"It's human nature to buckle down during this type of challenging time. But I wanted to take the opposite approach. I wanted to make sure that we continue to be aggressive, that we continue to deliver the product and services at the level we had done, even stepping it up a notch."
(Joey St-Aubin, president and CEO at Canlan)
"In terms of what makes a company successful, one of the things is being able to be flexible. You need to be able to modify your plans to meet the new environment."
(Therese Hayes, head of corporate development at Day4)
"Here's our opportunity to really come out the other side of this, going gangbusters and grabbing a huge amount of market share. We want to be a billion-dollar company and we want to be a billion-dollar company soon."
(Rob Banks, co-founder of www.builddirect.com)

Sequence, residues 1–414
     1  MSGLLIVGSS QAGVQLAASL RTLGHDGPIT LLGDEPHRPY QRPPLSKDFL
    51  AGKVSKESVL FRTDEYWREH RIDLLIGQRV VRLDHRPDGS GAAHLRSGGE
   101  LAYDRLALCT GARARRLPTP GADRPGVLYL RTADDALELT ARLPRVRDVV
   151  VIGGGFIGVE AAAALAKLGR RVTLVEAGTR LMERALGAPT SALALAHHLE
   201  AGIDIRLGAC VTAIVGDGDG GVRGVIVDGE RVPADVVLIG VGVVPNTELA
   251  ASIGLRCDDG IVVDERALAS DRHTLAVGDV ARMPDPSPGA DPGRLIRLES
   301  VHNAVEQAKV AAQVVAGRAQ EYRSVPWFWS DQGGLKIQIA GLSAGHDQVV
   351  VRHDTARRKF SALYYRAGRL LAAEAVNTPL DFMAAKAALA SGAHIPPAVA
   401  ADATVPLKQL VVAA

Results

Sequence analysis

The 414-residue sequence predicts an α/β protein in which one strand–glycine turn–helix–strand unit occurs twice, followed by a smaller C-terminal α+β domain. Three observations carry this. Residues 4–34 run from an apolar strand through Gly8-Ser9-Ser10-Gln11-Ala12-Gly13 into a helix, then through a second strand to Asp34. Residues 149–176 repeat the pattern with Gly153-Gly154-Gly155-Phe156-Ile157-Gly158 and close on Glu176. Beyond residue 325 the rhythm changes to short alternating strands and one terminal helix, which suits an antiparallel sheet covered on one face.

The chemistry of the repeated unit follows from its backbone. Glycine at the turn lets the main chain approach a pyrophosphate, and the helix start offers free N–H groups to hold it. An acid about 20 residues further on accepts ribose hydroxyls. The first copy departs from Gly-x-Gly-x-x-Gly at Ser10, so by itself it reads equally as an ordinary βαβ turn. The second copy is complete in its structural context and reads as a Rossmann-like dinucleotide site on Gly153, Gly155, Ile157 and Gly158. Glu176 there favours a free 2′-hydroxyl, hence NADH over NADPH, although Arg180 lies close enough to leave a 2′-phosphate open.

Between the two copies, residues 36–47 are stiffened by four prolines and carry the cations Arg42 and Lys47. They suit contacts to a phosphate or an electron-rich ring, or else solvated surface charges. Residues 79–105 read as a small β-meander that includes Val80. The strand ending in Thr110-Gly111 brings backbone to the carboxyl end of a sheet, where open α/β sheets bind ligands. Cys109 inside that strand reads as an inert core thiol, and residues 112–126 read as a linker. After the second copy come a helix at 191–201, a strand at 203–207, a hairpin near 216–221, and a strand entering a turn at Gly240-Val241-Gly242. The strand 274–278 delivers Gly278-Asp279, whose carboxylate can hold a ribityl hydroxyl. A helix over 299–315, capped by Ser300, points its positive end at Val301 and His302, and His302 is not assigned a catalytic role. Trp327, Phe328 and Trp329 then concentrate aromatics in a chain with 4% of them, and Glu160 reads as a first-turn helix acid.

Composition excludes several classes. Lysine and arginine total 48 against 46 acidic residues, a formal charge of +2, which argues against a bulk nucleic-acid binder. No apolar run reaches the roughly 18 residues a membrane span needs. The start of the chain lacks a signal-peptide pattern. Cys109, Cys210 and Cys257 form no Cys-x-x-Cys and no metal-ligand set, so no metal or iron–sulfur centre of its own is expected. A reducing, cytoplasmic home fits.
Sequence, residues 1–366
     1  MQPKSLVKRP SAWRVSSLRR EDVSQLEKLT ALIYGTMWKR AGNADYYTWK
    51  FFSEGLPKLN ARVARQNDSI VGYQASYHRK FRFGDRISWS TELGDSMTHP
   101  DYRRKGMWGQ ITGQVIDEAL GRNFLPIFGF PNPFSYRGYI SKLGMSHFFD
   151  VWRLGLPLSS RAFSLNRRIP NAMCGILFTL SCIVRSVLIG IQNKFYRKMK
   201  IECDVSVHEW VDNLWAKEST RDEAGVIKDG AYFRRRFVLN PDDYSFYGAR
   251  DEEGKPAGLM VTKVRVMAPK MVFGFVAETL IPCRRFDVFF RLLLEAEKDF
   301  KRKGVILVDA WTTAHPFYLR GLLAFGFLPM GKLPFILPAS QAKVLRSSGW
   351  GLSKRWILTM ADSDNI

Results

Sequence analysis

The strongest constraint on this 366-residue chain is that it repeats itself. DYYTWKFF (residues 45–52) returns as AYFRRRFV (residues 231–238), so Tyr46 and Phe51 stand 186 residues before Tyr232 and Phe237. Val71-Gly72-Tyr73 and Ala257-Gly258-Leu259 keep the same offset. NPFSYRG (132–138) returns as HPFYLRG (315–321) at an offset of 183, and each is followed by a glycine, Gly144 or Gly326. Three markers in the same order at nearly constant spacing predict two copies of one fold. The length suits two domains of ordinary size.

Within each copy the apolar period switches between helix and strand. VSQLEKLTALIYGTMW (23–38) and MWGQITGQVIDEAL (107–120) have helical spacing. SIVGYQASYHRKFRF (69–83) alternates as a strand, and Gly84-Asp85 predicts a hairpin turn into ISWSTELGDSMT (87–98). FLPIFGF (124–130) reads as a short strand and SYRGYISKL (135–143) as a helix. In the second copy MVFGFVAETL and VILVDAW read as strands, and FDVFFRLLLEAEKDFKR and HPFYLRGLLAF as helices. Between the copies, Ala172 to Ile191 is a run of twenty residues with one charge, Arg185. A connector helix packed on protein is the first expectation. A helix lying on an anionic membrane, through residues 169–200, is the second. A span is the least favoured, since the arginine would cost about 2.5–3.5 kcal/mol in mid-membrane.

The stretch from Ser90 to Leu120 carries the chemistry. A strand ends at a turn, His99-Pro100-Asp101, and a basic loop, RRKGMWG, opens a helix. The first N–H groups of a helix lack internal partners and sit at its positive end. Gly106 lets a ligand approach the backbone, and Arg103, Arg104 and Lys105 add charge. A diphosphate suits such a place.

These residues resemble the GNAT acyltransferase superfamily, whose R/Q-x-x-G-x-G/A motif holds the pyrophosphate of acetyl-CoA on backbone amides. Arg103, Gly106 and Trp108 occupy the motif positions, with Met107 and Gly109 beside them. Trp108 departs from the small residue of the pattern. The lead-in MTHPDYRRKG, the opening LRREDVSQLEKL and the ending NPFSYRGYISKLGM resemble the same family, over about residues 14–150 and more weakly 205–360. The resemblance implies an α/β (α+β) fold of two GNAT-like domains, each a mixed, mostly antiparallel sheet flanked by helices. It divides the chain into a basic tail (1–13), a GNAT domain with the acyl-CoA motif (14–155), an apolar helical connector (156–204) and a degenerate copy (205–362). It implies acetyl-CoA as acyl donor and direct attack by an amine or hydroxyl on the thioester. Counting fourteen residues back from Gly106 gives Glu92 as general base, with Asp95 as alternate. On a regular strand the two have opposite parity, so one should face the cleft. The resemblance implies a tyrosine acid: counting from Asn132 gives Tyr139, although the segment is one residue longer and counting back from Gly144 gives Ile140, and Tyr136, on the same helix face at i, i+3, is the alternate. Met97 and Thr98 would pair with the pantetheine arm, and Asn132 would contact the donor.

Switching Things Up In the Downturn
The recession has really made editors focus on the best things in life. I've had the chance to interview other ski and snowboard instructors as to why they do this (poorly) paid job, to write a father's day story about the gift of good health (not a sock or tie in sight!), the seven most amazing westcoast workouts, chapters on the Olympics and why Vancouverites fastidiously follow the faster, stronger, higher ethos in their fitness regimen...and on the fashion front I've explored the real story behind clothing sizes. Having paid my dues training as a yoga and ski instructor myself, I've noticed a few people using this time to take courses in ways that may not bring you huge wealth but do keep you happy and healthy - no matter what the economic climate.
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